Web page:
Letter from Anyang #2
You can take the 11-1 bus from Seoksu Market to downtown Anyang and get off at the Changang Market (it is just past the Uni Glo). It is a glorious example of a traditional covered market. The main thoroughfare of the market is a cacophony of choices.
The last few days have been about shopping–actually more like “eye shopping” as one of the shop ladies called it. I am trying to visit the traditional markets of Anyang. My tourist brochure says there are six. I am also touring the big department stores in town–the basements of these stores are where the modern-style grocery shopping happens. They are clean, orderly and air conditioned. If you want to buy fish after 4 pm in the heat of August, my bet is on a place with modern refrigeration (but that is just my bias).
Changang Market is truly huge. Huge and labyrinthine. After my third visit, I am still a disoriented. Both time and space seem to be folded when one walks into a traditional market. The stalls are small, but multitudinous; in this way the variety and quality of products is immense. There are areas where the food gives way to a maze of tiny seamstress cubicles. Both the seamstresses and their cubicles are tiny. Each lady sitting on her platformed (and therefore clean) floor with a low table where she pins, and another where she sews. Her clothes cover the walls from floor to ceiling.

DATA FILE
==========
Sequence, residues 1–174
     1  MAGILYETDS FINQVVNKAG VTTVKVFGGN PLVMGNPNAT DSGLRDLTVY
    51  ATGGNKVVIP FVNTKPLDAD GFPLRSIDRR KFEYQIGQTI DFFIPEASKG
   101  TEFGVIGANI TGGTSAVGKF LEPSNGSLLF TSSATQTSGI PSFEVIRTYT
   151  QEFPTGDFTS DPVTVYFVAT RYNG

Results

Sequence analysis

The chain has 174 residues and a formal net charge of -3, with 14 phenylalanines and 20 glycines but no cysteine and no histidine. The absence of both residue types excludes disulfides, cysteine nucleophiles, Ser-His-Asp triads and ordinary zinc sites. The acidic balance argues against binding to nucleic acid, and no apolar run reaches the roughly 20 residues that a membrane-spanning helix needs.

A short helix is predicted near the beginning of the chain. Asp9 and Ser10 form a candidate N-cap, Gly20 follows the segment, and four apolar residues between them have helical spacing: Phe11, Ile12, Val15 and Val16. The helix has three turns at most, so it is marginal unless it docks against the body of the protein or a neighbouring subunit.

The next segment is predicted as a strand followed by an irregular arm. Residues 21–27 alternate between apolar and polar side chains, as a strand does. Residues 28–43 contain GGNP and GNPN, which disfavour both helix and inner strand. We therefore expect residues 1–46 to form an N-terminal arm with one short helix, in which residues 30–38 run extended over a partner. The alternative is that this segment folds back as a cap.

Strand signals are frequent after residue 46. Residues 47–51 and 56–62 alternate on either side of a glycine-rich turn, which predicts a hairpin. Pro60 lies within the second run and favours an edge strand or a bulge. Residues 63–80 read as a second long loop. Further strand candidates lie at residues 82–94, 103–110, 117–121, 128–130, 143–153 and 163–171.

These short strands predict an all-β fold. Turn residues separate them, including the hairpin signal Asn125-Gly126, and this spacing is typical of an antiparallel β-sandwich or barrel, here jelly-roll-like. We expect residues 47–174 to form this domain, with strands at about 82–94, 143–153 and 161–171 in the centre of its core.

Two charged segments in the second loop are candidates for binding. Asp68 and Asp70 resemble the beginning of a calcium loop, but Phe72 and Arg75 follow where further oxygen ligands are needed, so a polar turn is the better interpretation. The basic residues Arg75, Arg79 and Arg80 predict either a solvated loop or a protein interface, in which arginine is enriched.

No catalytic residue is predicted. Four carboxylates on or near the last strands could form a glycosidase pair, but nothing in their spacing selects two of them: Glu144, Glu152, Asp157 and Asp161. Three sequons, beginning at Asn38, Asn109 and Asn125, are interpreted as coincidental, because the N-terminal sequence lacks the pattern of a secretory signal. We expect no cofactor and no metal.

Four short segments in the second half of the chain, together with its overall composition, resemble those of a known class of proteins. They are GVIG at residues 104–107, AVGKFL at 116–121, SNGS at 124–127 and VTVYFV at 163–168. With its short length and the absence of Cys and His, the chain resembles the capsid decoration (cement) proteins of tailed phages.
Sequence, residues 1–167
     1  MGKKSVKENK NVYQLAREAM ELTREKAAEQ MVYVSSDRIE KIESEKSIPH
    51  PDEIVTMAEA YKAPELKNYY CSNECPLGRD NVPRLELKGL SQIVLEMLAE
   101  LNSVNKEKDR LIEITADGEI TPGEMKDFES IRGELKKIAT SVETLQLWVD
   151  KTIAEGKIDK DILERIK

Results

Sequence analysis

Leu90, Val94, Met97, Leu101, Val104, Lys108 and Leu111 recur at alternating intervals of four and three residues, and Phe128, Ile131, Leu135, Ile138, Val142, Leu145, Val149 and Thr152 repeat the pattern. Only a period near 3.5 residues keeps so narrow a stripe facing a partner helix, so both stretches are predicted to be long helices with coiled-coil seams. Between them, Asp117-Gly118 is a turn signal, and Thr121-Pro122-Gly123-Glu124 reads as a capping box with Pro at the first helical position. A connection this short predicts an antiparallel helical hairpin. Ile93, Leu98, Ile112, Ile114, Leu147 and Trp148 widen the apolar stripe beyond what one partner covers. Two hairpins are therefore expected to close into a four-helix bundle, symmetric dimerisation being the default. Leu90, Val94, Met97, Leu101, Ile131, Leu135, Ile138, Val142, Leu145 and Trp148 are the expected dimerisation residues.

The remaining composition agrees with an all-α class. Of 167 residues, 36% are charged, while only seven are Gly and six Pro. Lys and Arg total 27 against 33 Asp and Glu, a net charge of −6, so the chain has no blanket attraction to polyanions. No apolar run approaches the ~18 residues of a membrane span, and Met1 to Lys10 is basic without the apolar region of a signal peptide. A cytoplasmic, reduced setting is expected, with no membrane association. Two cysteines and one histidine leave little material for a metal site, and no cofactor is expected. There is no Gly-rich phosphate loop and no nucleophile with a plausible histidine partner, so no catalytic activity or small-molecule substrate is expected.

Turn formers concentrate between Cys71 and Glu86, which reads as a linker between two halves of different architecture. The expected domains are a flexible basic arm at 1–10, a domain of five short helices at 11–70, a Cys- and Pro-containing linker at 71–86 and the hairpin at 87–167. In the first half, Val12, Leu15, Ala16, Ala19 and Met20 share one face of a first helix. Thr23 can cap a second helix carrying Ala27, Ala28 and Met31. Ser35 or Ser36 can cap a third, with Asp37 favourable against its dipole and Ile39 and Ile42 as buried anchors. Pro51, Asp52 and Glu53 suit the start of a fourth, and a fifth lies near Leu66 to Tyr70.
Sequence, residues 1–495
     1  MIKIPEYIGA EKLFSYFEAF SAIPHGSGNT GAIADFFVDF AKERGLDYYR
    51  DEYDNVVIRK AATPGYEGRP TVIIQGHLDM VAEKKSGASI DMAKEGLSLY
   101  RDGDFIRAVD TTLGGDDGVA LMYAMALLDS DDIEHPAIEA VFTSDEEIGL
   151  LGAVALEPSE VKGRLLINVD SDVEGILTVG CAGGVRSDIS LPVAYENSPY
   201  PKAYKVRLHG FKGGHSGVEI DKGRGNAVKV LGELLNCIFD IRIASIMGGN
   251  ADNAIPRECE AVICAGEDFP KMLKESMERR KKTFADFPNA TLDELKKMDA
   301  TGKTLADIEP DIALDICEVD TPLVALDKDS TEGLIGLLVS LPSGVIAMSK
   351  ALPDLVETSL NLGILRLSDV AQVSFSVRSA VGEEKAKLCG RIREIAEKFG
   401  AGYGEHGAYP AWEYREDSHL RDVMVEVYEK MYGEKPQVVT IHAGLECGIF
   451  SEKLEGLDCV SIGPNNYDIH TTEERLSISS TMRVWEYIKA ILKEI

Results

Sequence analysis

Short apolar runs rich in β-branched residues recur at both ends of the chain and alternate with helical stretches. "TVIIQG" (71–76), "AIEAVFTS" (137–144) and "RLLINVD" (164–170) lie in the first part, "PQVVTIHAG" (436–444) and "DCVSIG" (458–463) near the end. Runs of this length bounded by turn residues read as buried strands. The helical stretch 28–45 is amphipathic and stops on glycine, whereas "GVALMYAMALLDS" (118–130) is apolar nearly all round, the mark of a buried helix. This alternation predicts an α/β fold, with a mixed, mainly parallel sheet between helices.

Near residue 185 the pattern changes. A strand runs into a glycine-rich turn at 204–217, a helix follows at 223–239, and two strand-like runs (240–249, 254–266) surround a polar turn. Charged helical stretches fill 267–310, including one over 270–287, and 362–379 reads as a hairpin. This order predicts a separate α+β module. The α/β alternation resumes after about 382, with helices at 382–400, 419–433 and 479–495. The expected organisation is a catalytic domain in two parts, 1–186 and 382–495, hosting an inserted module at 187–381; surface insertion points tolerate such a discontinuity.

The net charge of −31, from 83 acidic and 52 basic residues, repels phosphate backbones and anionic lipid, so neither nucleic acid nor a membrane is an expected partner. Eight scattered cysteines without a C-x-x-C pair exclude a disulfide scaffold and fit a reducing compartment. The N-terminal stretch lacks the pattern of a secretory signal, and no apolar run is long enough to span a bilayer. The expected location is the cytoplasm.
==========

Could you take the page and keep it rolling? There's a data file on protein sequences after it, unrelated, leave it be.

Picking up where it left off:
Somehow (I do not understand it) the place does not smell of rot. The fish area is smells like the rest of the market. The butchers and their pork or beef or dog do not seem to throw of a stench, even in this blistering weather. The only strong smells come from the fast food stands which are set up in the center of each thoroughfare like a median strip. Here you can sit at a counter and order yourself a scallion pancake or rice cylinder-things drenched in one of the many red sauces. Or if you would rather, order up some vegetable tempura or blood sausage tempura.
I will let you know what else I find in the coming days and weeks.